SEATTLE — Robbie Ray pitched into the sixth inning and had 10 strikeouts, the most by a Seattle pitcher this season, and the Mariners beat the Philadelphia Phillies 5-4 on Tuesday night.
Ray (3-3) gave up two runs on two hits while walking two in 5 2/3 innings.
“I definitely felt like everything was clicking tonight,” Ray said. “There’s still work to be done, but I felt like this was a really, really good step in the right direction.”
Nick Castellanos, Rhys Hoskins and Jean Segura had solo homers for Philadelphia, which has lost six of eight. Phillies manager Joe Girardi was ejected in the second inning for arguing when the Mariners’ Adam Frazier was called safe after inadvertently knocking the ball out of first baseman Hoskins’ glove on a play that led to a Seattle run.
Ray started with four perfect innings but ran into trouble in the fifth. He gave up Castellanos’ leadoff homer and struggled with his control as Segura scored on a walk and a pair of wild pitches. Ray gave up a second walk and only got out of the inning when catcher Luis Torrens threw out Matt Vierling on a third-strike wild pitch that went to the backstop.
Ray came back out in the sixth and got two more strikeouts before giving up one of Bryce Harper’s two doubles on the night.
Seattle signed last year’s AL Cy Young Award winner to a $115 million, five-year deal as a free agent in the offseason.
“I thought it was one of his better games he’s had so far as a Mariner,” manager Scott Servais said. “Really sharp. The fastball had really good life up in the zone, and that’s where he’s at his best. Fastball at the top and slider down below.”
Aaron Nola (1-4) lost his fourth straight decision, giving up four earned runs on nine hits, although many of those came on infield singles.
“He pitched great,” Girardi said. “It’s really a shame. That’s probably as frustrating an outing as you can have as a pitcher.”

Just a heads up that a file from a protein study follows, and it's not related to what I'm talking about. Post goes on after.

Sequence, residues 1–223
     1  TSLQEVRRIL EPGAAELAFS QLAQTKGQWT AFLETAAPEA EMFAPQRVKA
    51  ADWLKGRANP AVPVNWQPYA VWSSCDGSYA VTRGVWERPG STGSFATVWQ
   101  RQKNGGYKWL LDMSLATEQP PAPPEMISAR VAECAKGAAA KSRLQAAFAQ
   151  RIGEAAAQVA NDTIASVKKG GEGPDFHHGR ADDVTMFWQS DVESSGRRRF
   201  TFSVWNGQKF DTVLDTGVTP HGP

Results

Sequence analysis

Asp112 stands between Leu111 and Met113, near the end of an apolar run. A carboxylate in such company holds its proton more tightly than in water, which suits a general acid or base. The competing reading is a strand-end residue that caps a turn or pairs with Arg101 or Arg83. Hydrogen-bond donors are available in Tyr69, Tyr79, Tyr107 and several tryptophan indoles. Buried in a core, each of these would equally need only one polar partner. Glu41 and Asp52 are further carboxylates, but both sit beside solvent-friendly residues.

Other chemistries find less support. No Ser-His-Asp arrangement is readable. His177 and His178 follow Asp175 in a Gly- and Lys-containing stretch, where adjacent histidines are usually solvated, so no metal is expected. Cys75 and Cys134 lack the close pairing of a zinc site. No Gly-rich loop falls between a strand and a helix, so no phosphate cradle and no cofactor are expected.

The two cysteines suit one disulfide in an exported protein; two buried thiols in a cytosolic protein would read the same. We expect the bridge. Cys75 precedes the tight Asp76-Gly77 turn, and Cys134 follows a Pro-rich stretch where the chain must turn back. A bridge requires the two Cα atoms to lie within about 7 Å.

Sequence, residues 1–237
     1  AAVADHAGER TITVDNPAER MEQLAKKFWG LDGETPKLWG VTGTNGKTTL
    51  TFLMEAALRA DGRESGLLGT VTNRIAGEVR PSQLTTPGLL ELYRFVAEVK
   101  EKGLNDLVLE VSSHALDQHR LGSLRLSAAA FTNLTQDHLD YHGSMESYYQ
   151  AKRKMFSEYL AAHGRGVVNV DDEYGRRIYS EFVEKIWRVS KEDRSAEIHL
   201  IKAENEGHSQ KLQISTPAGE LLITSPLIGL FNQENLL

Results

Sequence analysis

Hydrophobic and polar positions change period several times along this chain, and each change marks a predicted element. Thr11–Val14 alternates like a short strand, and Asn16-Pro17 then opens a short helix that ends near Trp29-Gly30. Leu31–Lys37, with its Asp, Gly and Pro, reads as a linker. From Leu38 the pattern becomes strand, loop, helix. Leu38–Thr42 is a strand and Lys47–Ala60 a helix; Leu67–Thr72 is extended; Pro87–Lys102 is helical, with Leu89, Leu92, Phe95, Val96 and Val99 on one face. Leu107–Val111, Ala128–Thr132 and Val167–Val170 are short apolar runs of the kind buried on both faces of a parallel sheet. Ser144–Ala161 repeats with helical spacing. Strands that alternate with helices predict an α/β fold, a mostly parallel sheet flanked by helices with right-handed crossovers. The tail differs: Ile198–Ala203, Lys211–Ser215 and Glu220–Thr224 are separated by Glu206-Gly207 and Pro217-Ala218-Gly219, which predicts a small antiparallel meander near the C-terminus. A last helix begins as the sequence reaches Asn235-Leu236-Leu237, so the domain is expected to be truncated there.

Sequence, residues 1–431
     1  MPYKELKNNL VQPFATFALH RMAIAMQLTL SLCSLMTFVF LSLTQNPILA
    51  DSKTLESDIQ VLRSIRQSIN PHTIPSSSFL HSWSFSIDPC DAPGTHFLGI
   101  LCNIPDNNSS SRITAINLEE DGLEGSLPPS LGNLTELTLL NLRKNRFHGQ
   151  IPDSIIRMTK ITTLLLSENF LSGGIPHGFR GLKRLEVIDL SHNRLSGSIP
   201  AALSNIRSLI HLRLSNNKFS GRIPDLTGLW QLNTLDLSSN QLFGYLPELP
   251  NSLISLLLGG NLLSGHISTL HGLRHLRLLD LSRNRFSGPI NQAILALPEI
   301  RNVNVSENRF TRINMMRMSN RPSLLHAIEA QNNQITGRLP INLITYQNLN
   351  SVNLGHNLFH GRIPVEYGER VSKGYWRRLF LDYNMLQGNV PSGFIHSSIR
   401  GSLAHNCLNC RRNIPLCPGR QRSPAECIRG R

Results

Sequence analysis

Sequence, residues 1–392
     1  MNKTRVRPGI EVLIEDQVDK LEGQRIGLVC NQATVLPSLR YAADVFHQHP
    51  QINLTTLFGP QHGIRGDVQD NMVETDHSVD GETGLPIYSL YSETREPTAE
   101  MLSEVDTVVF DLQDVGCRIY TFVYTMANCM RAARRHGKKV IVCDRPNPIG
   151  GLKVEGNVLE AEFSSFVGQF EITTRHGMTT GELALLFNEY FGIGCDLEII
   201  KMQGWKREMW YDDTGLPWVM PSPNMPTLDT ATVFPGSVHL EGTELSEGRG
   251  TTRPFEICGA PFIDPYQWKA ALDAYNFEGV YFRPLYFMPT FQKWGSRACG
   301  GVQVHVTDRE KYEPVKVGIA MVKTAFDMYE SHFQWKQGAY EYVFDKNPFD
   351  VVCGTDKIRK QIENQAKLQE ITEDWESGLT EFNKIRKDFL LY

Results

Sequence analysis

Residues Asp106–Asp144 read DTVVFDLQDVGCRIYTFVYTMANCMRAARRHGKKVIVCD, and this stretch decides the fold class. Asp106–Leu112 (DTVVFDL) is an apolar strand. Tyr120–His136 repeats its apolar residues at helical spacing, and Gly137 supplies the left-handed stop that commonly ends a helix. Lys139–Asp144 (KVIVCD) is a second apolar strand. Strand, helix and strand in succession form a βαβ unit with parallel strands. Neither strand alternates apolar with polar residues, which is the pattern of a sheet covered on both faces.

Paul Sewald allowed a run while getting four outs but held on for his first save.
Seattle took a 2-0 lead in the first inning on run-scoring singles by Eugenio Suarez and Julio Rodriguez and scored another pair in the fifth. After loading the bases, Nola hit Ty France with a pitch and J.P Crawford drove in a run with a sacrifice fly.
In the second, Torrens hit a one-out infield single and took second base on a throwing error by Nola. In the next at-bat, Frazier hit a grounder to second. The throw to first beat Frazier, but Hoskins had to stretch up the line to catch it, and Frazier hit Hoskins’ glove as he reached first, knocking the ball loose. Frazier was called safe as Torrens scored.
“I was trying to avoid stepping on him. I didn’t even know he dropped the ball until I turned around and say the umpire say safe,” Frazier said. “Weird play, just trying to avoid hurting myself or Hoskins there.”
Girardi came out to argue with first base umpire Brian Knight and then crew chief Bill Miller at third. As the discussion went on, Girardi grew more heated and was eventually ejected by Miller.
Girardi said the umpires thought Hoskins hadn’t completed the play, and although the play was reviewable, the umpires told him the 20-second clock for a manager’s challenge was already done by the time he came out of the dugout.
“I went out and when I walked out of the dugout he said, ‘No, time’s up.’ No chance,” Girardi said. “That ends up being a big play. At the time, it maybe doesn’t seem like it. But it’s really disappointing to me, that someone doesn’t recognize that’s not 20 seconds.”
Torrens was also ejected in the eighth inning for his reaction after he was called out on a checked third-strike swing.
The Phillies had four errors, a season-high, including two by Hoskins.
Mariners: Crawford was back in the starting lineup after missing two games with back spasms.
Phillies: LHP Bailey Falter (0-1, 4.91 ERA) will be called up from Triple-A Lehigh Valley to make the second start of his career. Faulter has pitched in four games for Philadelphia this year, all in relief, and has allowed four runs on eight hits in 7 1/3 innings.
Seattle: RHP Logan Gilbert (4-0, 1.36) makes his seventh start of the season. The AL pitcher of the month for April has the second-best ERA in the American League.
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